Of the several things that US Supreme Court Justice Clarence Thomas is known for, one is his extreme reluctance to say anything in court.
Indeed, just last week, CNN marked the 10th anniversary of the last time Mr Thomas asked a question during oral arguments.
For those at the Supreme Court in Washington on Monday it was little less than remarkable, therefore, when Mr Thomas, 67, moved in his seat and asked a question of one of the lawyers before him.
“Can you give me an area [of law] where a misdemeanor violation suspends a constitutional right,” Mr Thomas asked of a government lawyer, who was arguing that people convicted of domestic should not be permitted to own firearms.
The Huffington Post reported that Ilana Eisenstein, the assistant solicitor general arguing the case, had asked if anyone had more questions for her. That was when Mr Thomas spoke up. He how long the suspension of Second Amendment rights was for persons prohibited under federal law to possess firearms.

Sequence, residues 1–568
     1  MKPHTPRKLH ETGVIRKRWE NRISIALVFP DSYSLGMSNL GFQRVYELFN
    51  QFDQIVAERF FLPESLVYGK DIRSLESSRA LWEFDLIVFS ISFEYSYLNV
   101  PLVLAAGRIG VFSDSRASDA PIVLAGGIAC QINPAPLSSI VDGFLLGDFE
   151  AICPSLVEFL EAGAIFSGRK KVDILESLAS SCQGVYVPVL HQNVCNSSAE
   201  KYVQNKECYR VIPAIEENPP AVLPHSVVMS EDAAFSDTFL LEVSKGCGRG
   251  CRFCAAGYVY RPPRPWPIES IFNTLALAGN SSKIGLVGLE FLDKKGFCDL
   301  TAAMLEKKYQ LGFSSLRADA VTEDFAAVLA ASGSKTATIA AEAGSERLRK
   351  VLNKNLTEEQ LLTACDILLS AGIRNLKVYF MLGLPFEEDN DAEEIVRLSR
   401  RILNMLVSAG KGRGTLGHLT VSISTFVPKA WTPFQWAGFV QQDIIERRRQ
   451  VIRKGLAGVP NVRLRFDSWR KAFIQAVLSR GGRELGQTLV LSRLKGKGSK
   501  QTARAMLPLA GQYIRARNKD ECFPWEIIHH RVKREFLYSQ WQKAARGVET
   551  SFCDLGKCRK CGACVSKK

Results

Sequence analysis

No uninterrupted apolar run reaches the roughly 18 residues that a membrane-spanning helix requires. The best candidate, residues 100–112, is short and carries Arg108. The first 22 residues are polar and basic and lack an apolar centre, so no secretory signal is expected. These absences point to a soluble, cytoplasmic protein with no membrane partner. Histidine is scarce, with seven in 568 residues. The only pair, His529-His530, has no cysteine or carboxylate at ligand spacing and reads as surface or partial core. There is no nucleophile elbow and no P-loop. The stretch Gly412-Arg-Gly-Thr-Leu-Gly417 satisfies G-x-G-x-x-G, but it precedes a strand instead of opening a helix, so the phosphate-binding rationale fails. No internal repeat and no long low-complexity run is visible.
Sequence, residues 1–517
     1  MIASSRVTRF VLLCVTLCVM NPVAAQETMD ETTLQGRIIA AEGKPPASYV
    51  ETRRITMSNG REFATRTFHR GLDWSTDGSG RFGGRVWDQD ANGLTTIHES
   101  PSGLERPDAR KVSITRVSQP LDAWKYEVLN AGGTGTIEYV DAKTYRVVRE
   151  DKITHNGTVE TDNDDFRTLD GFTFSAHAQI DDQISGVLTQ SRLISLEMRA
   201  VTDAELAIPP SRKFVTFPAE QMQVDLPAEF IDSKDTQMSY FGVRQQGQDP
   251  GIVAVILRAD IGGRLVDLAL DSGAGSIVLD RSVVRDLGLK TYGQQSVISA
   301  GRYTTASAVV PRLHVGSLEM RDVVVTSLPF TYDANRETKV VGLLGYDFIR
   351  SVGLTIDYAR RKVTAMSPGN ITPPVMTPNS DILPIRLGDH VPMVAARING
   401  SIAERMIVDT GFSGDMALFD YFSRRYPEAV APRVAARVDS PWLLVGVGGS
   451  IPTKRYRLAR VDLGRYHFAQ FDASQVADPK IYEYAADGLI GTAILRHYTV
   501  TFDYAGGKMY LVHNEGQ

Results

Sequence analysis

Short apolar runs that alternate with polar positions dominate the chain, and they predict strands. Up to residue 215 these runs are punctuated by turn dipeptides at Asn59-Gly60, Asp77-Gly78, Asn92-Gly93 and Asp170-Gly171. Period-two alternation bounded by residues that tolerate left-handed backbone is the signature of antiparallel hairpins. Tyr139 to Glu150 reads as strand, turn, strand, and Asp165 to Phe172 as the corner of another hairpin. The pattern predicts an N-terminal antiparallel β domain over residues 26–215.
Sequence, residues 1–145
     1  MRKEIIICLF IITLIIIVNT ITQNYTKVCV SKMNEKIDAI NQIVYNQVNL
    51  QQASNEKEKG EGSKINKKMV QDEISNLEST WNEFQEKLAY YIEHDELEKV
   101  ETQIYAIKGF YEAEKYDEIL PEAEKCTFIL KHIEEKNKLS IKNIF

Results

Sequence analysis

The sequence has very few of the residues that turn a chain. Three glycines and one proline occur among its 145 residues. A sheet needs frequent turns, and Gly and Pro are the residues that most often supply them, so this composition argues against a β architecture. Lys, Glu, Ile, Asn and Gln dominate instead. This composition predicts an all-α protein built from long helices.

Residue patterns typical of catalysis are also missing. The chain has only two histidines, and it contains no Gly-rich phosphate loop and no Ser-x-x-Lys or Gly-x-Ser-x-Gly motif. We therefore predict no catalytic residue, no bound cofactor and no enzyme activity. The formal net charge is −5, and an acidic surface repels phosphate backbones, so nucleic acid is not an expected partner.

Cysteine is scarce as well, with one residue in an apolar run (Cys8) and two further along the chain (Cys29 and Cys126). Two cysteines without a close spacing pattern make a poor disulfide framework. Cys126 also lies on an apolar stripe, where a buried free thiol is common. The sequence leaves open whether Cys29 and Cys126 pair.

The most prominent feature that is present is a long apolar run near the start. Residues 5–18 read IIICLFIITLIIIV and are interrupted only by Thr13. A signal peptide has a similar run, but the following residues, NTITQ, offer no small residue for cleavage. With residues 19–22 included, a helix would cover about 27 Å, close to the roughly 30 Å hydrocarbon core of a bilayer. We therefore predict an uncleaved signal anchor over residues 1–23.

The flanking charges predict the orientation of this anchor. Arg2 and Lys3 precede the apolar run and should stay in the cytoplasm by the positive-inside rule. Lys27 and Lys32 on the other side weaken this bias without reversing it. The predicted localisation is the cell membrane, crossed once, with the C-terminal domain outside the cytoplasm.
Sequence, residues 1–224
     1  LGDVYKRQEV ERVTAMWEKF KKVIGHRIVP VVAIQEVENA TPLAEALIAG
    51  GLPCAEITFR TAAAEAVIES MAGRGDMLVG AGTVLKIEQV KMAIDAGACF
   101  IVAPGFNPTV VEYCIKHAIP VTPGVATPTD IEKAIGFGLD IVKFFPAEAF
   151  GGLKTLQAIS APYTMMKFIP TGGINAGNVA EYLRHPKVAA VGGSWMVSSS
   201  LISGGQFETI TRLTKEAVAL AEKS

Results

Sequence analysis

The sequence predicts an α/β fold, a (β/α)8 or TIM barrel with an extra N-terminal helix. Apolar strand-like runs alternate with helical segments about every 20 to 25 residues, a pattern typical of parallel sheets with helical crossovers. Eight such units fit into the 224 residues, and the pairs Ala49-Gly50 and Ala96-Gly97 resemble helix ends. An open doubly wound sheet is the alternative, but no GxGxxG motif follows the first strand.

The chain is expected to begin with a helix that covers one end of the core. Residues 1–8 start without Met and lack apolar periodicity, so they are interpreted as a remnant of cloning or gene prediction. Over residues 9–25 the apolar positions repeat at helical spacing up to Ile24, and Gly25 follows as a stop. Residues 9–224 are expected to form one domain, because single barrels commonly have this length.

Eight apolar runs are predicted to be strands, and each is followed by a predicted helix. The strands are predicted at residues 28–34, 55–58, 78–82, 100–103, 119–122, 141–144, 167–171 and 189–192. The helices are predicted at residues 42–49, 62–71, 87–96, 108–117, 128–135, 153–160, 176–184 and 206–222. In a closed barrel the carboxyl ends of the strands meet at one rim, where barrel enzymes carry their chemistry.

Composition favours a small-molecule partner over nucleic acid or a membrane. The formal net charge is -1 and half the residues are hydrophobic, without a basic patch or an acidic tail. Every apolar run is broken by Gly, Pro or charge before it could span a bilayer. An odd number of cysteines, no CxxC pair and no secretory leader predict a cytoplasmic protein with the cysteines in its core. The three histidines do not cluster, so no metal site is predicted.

Mr Thomas’ question came just weeks after the death of Justice Antonin Scalia, Mr Thomas’s ideological soul mate and who had defended his lack of questions.
“No one was more ideologically aligned with Justice Scalia than Justice Thomas, who has historically been reluctant to ask questions at oral argument because he believes his colleagues already do more than enough talking,” said Steve Vladeck, a law professor at American University and a CNN contributor.
“That he's now asking questions - for the first time in over a decade - is as powerful evidence of the impact of Justice Scalia's absence as anything we've seen from the Justices thus far.”